Fortunately my long suffering wife had arrived to support me and, after I’d had another mini meltdown, she persuaded me to at least head out for another run lap, calm down and make a decision then. I’d dropped to ninth place but, as the run went on, the pressure of racing lifted and I decided to make the best of a bad job, use it as a solid training day and just plough on. I that run I moved back up to eighth, a strong and incident free third bike saw me retake second spot but, with Iain still putting in consistent laps, my only hope was for him to have some sort of mishap. 




As the race panned out, on each lap Iain was taking a bit of time out of me on the bike and in transition and I was taking about the same back from him on each run. This status quo remained and, as I headed out on my eighth and final bike lap, I knew only Iain and I had done that many but that he’d be logging a running lap of honour to take the win. With that in mind, I cruised round with Dafydd Hollis, who was riding easy with the 3 man team win in the bag, and reflected on a real roller coaster of a race. 




I learned a lot about myself and was proud that I’d dug in and carried on, although a large part of that was down to my wife. The event was brilliant, the new Hambledon venue beautiful and the course tougher but more fun than the old one. It’d been a great day’s training and, with 8 run (41.6 km / 1272 m) and 8 bike (60.3 km / 1564 m) laps, my legs had certainly been put through the mill. Iain definitely deserved the win and, although it would have been great to have gone shoulder to shoulder right down to the wire, his performance was staggeringly strong. Hopefully we’ll both be fit next year and we can re-kindle our HellRider rivalry. 


If you’re after a real challenge I can highly recommend that you put yourself down for the solo race next year or, if you’ve got an Adventure Racing team and fancy a summer event with a difference, give the team race a go. The atmosphere is brilliant with racers continuously coming into the transition area and, with camping onsite, a real festival atmosphere.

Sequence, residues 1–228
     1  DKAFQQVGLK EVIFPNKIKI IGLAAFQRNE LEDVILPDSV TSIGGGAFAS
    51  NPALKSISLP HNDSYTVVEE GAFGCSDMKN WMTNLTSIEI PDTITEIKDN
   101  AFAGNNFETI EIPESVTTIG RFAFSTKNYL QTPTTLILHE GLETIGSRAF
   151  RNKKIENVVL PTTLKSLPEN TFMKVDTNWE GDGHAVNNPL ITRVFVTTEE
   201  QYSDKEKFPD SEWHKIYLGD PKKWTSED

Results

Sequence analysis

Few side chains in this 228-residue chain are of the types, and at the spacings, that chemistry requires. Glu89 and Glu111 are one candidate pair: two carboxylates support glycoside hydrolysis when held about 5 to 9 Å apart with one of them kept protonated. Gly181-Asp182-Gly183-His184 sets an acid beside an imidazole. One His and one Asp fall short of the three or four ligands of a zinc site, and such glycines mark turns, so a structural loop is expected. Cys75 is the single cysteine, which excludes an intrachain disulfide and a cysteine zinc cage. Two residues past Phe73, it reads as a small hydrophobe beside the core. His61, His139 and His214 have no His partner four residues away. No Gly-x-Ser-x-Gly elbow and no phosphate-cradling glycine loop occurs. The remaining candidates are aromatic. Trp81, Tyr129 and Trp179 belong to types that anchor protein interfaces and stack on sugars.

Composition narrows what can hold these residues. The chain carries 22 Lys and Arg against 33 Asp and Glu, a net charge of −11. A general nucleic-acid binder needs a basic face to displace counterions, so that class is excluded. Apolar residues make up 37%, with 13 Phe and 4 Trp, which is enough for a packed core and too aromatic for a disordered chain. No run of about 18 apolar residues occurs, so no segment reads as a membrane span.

Top 3 kit choices for surviving Hell


Giant XTC Composite 29’er 0

The same bike as I rode last year and reviewed here. I’ve upgraded the wheelset from the fairly heavy stock wheels to a pair Stan’s Crests on Hope Hubs. This has given the bike a bit of extra zip and has significantly lowered the weight. It was already a great bike but, with this upgrade, it’s brilliant and ideal for mile munching XC type events. 




Inov-8 TrailRoc 235

Again a product that I’ve previously reviewed on the site and, after putting a decent number of miles into them since that review 8 months ago, I can report that any durability concerns I had were completely unfounded. For speedier transitions I swapped in a set of elasticated laces and for any trail conditions except truly deep mud, they’re superb all rounders. Despite having to be content with second place on the podium at HellRider, they have tasted victory at the Evil Sheriff Off-Road Duathlon back in November. 




Compressport Pro Racing Triathlon Short




For events that combine running and biking, triathlon shorts are brilliant and these are the best ones I’ve ever worn. There’s enough of a chamois to protect your undercarriage while riding but it’s not too big and obtrusive and doesn’t cause any discomfort or chaffing while running. Sizing is determined by measuring both the top and base of your thigh and, despite not having any sort of drawstring, the fit is spot on and they don’t suffer from any riding up or slipping down. The fit is very snug, supportive and compressive and they do take a little while getting on but, once in place, they’re not at all constrictive. With the best part of a marathon run, including an ascent and descent almost equivalent to Ben Nevis, and a decent amount of mountain biking, my quads certainly took a bit of a battering. However I didn’t have a hint of cramp during the race and post-race soreness was minimal. I’m convinced of the benefits of compression both during and after exercise and, especially in a race with lots of climbing and descending, I’ll always opt for shorts or tights that offer it. Other features include grippy silicon to minimise slipping on your saddle and, as they’re designed with triathlon in mind, they dry super quickly too.